Getting ‘out of office’ – Bike and gear

Bike: 2005 Cannondale T800 (purchased new Jan 2005)

2005 Cannondale T800 Loaded and ready to head to the Grampians 2013

Components: all stock except saddle replaced with a women’s Terry Liberator in 2010. Brake pads and chain replaced mid-tour 2010. New Schwalbe Marathon tires, a new small chainring (swapped a 26 for a 24), and handlebars rewrapped in 2013.

Accessories: I use a Topeak Road Morph pump and toe clips instead of clipless pedals. I have Planet Bike fenders – front one doesn’t come along on this trip. I have a Blackburn bar-end mirror.

Front rack: Tubus Ergo
Rear rack: What came stock

Left rear pannier – Ortlieb Sportspacker Contents: Medication chiller system (thermal-lined bag with frozen water bottle or 3 sandwich-sized ziplocs filled with ice inside gallon size) On-bike clothes packed in ziploc (2 jerseys; 2 pairs bike shorts; 1 pair thin tights to go over bike shorts; 1 high-vis windbreaker) Off-bike clothes packed in ziploc (2 t-shirts; 1 pair convertible pants; 1 pair shorts; 1 long-sleeve shirt) Warmies packed in ziploc (1 thermal underwear top and 1 bottom; winter hat and thin gloves; 1 pair warm socks for sleeping) Rain gear: jacket and pants (extra water bottle as required)
Right rear pannier – Ortlieb Sportspacker Contents: The ‘office’: journal; expenses notebook; maps not in use; battery chargers; touristy notes/brochures; itinerary Sleeping bag: Kelty Women’s Light Year 20F, long Home-made sleepsheet ‘Delicates’ ziploc includes: 2 pairs underwear; 2 sports bras; 3 pairs socks; sarong-also use as towel; swimsuit; sunhat (extra water bottle as required)
Front left pannier – Lone Peak P-099 Contents: Tent and rainfly (2005 Northface Tadpole) Plastic groundsheet (plastic bag from my washing machine cut to size) Tent pegs Flip-flops (extra water bottle when required)
Front right pannier – Lone Peak P-099 Contents: Two spare tubes (tube repair kit/valve converter/tire levers kept in outside pocket) Bike tools: allen key for each size on bike (not full set); 2 wrenches (1 10mm; 1 adjustable); multi-tool with mini-pliers; spare zip ties; small roll black electrical tape; 2 fiber-fix spokes; chain tool; spare nuts and bolts for each size; spare rags; lube Rain covers for Lone Peaks Small folding bucket (I use this to stuff clothes into to make a pillow at night; carry my toiletries to showerblock; wash up when there is access to water but no shower; rinse rags for bike repair, etc.) Headlamp Ziploc baggie with laundry detergent Toiletries and diaper rash cream (just the small, travel-size basics) Basic first-aid kit and extra hotel shower cap Food: more than shown here (extra water bottle when required)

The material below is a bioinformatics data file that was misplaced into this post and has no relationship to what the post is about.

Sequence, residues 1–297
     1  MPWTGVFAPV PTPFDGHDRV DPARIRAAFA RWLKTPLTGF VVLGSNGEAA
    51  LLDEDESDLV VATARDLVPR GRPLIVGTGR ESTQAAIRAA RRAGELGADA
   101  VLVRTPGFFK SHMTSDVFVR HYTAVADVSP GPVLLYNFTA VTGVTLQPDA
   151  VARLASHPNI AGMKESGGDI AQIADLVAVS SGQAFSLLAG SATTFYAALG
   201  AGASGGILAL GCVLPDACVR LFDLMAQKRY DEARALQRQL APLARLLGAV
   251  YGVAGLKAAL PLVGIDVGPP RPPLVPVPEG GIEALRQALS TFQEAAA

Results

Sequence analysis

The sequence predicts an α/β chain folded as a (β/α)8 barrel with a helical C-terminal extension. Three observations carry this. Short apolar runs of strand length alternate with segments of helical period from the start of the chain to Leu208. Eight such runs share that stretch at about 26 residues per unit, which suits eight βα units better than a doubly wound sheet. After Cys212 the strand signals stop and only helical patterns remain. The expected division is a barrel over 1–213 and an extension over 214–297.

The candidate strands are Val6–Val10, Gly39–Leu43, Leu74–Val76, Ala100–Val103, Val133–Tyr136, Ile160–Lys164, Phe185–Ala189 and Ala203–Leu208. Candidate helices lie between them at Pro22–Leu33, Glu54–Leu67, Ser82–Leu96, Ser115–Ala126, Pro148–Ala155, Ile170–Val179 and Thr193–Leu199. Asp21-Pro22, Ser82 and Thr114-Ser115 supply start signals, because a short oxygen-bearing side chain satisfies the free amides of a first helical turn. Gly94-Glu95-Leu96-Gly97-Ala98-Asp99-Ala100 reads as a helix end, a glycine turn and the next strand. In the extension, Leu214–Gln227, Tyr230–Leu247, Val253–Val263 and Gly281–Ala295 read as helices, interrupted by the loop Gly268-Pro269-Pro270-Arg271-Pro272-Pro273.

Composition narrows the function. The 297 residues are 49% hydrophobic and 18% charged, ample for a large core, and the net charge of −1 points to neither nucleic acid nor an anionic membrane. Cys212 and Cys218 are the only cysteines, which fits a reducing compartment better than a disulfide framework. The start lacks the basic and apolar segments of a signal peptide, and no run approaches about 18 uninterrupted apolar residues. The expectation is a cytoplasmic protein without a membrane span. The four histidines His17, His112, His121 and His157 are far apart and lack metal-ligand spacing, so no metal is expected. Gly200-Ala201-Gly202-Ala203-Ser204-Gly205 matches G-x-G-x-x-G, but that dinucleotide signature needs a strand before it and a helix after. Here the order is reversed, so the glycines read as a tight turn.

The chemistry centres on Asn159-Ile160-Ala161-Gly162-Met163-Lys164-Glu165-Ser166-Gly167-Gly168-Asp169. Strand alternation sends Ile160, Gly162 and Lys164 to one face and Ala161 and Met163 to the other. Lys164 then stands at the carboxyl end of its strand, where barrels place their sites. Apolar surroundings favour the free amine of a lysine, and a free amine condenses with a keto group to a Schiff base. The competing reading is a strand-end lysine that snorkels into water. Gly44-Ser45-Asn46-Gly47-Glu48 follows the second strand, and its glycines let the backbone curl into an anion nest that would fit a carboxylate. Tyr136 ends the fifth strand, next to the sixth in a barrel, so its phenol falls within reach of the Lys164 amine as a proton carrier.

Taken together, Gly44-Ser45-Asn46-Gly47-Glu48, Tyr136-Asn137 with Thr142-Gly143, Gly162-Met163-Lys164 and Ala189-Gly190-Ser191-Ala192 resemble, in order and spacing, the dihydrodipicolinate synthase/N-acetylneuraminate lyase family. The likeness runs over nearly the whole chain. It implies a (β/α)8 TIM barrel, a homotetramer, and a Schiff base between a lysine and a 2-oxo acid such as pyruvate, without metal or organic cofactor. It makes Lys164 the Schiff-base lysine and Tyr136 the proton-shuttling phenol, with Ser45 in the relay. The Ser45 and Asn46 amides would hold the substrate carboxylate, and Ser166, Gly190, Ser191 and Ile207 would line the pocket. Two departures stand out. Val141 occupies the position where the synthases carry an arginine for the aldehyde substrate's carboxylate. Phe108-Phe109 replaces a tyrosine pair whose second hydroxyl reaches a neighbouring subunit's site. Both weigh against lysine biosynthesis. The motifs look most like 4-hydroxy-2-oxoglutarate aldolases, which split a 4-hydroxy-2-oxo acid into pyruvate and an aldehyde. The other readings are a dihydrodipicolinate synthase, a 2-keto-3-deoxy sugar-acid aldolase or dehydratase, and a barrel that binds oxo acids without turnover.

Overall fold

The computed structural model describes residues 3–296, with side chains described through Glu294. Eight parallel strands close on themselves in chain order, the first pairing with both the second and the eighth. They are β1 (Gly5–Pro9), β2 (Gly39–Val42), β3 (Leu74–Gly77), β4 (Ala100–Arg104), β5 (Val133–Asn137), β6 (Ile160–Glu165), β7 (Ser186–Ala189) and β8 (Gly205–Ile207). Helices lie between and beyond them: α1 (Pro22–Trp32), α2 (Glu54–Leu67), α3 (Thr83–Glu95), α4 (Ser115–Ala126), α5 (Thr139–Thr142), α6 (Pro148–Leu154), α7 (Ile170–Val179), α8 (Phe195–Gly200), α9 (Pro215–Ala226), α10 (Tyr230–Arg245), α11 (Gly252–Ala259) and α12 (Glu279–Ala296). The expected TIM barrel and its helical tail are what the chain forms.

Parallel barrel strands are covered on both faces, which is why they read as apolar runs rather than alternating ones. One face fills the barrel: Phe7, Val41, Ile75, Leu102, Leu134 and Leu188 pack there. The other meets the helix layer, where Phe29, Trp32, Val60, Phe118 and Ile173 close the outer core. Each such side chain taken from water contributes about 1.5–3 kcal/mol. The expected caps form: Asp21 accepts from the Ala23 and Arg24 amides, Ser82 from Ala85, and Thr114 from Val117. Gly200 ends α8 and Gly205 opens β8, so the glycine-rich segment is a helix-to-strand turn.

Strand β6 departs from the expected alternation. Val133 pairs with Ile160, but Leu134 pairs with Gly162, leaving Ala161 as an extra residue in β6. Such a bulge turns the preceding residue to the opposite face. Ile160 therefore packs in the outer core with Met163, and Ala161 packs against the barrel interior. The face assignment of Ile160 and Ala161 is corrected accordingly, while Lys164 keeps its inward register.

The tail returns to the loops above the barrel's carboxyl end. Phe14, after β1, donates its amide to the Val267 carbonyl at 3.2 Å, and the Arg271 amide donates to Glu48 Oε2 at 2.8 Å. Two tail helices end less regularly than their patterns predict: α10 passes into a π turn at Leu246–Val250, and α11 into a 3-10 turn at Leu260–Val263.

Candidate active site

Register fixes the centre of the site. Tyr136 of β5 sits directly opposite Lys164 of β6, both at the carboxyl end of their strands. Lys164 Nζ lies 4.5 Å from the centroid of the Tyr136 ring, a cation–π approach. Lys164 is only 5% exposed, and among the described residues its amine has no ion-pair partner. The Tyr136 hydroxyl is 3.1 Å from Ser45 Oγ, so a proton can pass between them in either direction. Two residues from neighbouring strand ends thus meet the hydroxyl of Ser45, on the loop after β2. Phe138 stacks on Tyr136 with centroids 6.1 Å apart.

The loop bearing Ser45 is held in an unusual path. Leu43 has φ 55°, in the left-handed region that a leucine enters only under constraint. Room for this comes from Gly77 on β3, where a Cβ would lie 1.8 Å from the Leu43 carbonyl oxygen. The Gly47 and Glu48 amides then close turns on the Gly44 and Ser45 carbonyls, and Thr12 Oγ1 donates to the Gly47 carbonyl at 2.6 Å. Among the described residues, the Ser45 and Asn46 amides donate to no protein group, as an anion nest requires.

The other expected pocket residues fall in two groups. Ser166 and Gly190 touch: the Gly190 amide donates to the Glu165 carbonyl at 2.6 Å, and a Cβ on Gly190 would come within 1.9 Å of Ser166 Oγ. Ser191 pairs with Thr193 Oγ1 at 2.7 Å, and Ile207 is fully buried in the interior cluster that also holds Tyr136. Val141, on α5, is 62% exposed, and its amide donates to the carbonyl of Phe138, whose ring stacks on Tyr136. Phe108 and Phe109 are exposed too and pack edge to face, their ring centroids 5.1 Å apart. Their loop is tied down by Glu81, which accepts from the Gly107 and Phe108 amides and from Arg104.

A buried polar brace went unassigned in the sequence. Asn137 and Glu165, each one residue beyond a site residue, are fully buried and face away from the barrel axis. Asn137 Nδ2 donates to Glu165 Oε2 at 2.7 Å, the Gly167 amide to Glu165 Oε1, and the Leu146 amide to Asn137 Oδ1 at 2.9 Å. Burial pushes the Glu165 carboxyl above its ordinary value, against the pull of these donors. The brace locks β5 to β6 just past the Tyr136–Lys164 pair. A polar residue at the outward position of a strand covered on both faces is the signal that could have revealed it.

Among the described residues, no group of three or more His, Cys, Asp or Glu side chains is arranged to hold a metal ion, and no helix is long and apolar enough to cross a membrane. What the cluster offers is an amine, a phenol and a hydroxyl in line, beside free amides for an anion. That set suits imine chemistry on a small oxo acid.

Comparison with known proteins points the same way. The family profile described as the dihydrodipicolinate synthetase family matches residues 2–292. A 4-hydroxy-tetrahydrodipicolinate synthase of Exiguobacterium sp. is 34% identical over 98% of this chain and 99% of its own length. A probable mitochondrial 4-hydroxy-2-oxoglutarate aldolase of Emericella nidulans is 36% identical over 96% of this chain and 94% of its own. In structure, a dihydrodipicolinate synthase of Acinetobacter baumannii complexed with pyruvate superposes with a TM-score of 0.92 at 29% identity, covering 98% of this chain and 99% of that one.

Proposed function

Handlebar bag – Arkel small Contents: Cheap pre-paid dumb phone Camera Wallet Asthma inhaler Sunscreen and lip balm Alcohol anti-bacterial gel (travel size) Tiny cosmetic mirror (check that sunscreen all rubbed in; also use for diaper rash cream application on occasion when I need to figure out where to put it on thick) Any directions/extra maps for day not in map case on top of bag Lightweight cable lock tucked in a side pocket Two hotel shower caps tucked in outside side pocket (one to wrap over the cycle computer and one to go over the seat if raining or threat of dew/frost overnight) Cycling gloves Verne and Kermit in front pocket

Rear rack contents:
Tent poles in own bag rolled within Ridge Rest sleeping pad
Thermarest Ridge Rest 3/4 length closed cell foam pad. The roll is held with two ladies’ belts from a thrift shop. The roll is secured to the rack with adjustable webbed straps with clips [purchased from auto store – I also use these straps on the outside of my bike box when travelling (it keeps the flaps contained if the TSA tape comes undone)].

All of the gear on my empty living room floor.

NOTE: Clothing listed assumes I’m naked (e.g. I wear one jersey and have one spare). I’m a cold sleeper, so I always take one more thermal top than other people – for this ride, most people wouldn’t take any. For the US trip, I’ll be carrying an additional thermal top and a warmie jacket.

I use a Camelback instead of drink bottles. I stay better hydrated using one of these. I don’t keep anything else in the backpack usually. I attach my rear blinkie-light to this on my back. It is more visible this way than attached to my rear rack (it gets hidden under the thermarest if attached there). The pack is also great for taking on day hikes along the way.

I also wear a Giro Indicator helmet – cheap but ventilation okay. Most importantly this style has a visor – a must-have for me. My new Indicator is Livestrong-stickered since these ones were on deep clearance after the whole Lance affair, and I could care less about all of that.

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